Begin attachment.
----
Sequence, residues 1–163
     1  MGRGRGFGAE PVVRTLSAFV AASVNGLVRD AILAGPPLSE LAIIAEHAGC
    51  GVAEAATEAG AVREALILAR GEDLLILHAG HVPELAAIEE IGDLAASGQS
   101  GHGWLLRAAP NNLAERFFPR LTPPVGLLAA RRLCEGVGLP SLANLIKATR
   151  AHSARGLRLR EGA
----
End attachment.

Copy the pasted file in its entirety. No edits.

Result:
Sequence, residues 1–163
     1  MGRGRGFGAE PVVRTLSAFV AASVNGLVRD AILAGPPLSE LAIIAEHAGC
    51  GVAEAATEAG AVREALILAR GEDLLILHAG HVPELAAIEE IGDLAASGQS
   101  GHGWLLRAAP NNLAERFFPR LTPPVGLLAA RRLCEGVGLP SLANLIKATR
   151  AHSARGLRLR EGA